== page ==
Expedition Report: Gjoa Haven

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25th/26th of August, Meret reports from Gjoa Haven:

This is the very place Roald Amundsen overwintered two times and therefore named it after his boat, the Gjoa. He was one of many explorers who came through these waters seeking the Northwest Passage. Like him many had to overwinter in this area but few survived. Interactions with the local Nattilik was limited, many explorers avoided any contact and didn’t want any help or advice from them. The explorers to survive, where the ones who adopted local ways of living. Franklin’s men didn’t have any contact with the locals, whereas Amundsen seemed to welcome it. Him and his men used Nattilik methods of surviving and the ones who remembered him said he was a man of great kindness who even when things were stolen from him, helped and treated everyone with the same generosity. This ultimately led to his success in 1905.

In 1845 Sir Franklin, a British Explorer, set out to do some magnetic surveys and carry on surveying the Arctic for the British Navy. He set out with two ships the HMS Erebus and the HMS Terror. These two boats, though originally bombing ships, had been modified to be fit for sailing in arctic waters. The reason these bombing ships were used, is their strong hull. Not much is known about the Franklin’s expedition, apart from that all the 129 men perished. Two letters have been found from 1847 and 1848. The first says all is well after overwintering by Beechey Island in 1846. The second states that one of the ships has been abandoned. For years after expeditions went out to look for the two ships and their crew, in vain. Why or where the boats sank was unclear for a long time. Only two years ago the HMS Erebus was found close to Beechey Island. The location of the second ship is still unknown.

Gusts of 40knots accompanied us in to Gjoa Haven. Anchoring in the dark and in these windy conditions was challenging. Removing your gloves for just a minute or so to remove the anchor cover, resulted in no longer feeling your fingers. We needed a chain of people from the stern to the bow to relay instructions from Dario, who was anchoring to Sabine, on the helming. On top of that the chart had very limited depth readings on it. It looked like we were extremely close to shore, when we woke up in the morning, we realized it was a lot further than we had expected.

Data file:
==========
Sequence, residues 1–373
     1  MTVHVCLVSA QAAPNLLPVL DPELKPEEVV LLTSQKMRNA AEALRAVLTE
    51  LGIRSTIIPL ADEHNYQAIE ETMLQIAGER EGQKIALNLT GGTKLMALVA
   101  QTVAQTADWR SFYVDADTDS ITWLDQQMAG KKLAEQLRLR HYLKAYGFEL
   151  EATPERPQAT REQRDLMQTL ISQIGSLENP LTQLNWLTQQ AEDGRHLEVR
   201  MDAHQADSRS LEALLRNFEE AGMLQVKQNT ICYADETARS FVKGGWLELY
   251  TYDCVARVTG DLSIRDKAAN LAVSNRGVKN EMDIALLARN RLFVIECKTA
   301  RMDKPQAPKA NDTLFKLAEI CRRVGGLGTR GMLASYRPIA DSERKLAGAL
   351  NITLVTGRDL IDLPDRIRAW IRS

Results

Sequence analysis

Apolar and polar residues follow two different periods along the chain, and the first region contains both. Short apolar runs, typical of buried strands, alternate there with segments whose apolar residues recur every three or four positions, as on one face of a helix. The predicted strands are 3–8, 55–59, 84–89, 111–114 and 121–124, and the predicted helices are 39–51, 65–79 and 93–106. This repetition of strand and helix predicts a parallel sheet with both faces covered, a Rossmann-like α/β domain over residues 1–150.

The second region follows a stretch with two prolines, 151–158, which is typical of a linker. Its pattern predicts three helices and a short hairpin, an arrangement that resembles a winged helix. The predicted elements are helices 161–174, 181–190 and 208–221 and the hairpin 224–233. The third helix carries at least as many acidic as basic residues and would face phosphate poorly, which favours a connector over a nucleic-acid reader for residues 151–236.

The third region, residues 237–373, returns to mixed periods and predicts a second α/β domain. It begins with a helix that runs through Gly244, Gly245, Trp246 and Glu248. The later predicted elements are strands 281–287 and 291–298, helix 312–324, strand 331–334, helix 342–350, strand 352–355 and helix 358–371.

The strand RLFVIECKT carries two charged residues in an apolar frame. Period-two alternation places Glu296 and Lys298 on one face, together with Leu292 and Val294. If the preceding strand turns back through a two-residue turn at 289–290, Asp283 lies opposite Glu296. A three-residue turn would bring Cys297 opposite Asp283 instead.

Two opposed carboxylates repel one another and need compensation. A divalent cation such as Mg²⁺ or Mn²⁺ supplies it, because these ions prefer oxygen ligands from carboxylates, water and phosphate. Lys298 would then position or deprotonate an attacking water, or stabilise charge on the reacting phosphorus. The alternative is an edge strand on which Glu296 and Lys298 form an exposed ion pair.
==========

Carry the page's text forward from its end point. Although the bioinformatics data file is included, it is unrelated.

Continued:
The wind did not die down until later, making it impossible to paddle to shore at first. Once we did dare it, we still had gusts pushing us and waves of icy water splashing into our boat. We went straight to the primary school which Sabine had contacted back in Cambridge Bay. We got there just as school was ending so a presentation for the next morning was organized
The next day we re-anchored in the inner harbor, which we were assured was deep enough. On our chart it said the depth was less than half a meter and according to it we are currently anchored on land.
Later, Dario did two presentations, one in the primary and the other in the high school. In both schools together over 400 students heard the presentation. Following the one in the primary school, we did a clean-up with the eight classes present. Within 7 minutes many groups had found more than a bin bag of plastic, the winning class filled two. Then Sabine, Christina and Meret went into some classes to explain the TOPtoTOP solutions drawing competition. In the meantime Salina got to go to Inuktitut lesson. Inuktitut is the local language.

Talking to local hunters the climate changed a lot. They like the winter more because than their is sea ice, means their hunting ground. The season with sea ice get less, results in less days to hunt.

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